I have been corresponding with Philip about his recent interview with the Sheffield Telegraph. Since a lot of the conversation has been happening behind the scenes, I asked Philip for a comment to clarify his points, away from media bias, which I could post publicly. Below are his remarks:
‘Authentic’ means they are what they pretend to be. In the context of
a hypothesis tat they are ‘early Christian’ that would mean form the
1st or 2nd century CE. This I doubt, though if the scientific tests
continue to point to this timeframe, at least the metal is that old.
Which does not date the images, some of which are undoubtedly much
What is most curious to me is the trouble taken to bind hundred of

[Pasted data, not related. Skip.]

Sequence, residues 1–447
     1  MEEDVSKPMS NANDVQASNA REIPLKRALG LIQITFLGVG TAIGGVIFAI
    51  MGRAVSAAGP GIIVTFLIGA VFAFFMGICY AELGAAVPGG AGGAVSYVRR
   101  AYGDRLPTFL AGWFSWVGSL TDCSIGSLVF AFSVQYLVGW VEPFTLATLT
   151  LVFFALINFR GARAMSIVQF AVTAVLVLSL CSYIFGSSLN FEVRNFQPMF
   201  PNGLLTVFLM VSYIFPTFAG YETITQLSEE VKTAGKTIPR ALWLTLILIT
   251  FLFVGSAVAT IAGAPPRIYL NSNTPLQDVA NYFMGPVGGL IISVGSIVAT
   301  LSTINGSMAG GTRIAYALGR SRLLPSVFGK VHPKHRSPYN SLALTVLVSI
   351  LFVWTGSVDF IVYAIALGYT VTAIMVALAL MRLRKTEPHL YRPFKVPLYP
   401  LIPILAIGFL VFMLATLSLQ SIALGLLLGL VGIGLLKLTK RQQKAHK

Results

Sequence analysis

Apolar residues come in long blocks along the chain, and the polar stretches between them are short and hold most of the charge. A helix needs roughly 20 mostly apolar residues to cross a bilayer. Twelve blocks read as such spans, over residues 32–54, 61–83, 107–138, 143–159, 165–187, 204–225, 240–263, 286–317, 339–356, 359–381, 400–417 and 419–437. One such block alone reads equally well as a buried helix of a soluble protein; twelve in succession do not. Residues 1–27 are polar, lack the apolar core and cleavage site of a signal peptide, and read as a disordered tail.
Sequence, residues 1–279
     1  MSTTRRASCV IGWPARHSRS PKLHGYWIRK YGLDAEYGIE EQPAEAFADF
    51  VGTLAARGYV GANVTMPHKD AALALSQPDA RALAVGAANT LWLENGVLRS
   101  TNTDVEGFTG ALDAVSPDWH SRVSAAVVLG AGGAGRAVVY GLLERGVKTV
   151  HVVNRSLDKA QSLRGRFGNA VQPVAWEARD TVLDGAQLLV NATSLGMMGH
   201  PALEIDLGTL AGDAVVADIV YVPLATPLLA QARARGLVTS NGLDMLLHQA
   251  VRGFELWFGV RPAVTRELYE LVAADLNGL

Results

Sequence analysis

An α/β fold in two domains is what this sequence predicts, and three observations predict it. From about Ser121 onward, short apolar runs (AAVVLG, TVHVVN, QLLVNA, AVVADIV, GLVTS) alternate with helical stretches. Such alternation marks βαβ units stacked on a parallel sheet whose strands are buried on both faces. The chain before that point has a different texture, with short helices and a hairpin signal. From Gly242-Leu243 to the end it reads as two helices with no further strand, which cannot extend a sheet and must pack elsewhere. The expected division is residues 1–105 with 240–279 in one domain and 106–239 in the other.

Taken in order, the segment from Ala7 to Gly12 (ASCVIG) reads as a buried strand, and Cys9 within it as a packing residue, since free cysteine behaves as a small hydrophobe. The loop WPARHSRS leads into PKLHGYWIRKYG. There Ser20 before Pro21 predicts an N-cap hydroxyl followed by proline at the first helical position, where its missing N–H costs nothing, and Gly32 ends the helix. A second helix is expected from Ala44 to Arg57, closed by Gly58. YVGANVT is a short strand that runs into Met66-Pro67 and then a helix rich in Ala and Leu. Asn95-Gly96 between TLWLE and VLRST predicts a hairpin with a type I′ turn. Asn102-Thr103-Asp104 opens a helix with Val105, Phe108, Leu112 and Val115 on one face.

sheets into book forms and stack them in a cave (if this story is
true, of course – the place need proper investigating). What has
really been going on?
Since the sheets apparently tell us virtually nothing of value (even
if they are very old), I am really more interested in finding out
just what they are.
As I have said ‘forgery’ is not quite the right term for objects that
are not making any claims to be anything. Maybe they are just trying
to look old. But I can’t see that they are more valuable in book form
than as single sheets. And why have they been hawked around museums
and not gullible tourists or collectors?
The answer may be banal, in the end. But more interesting that the so
called ‘nails’ which is just plain stupid.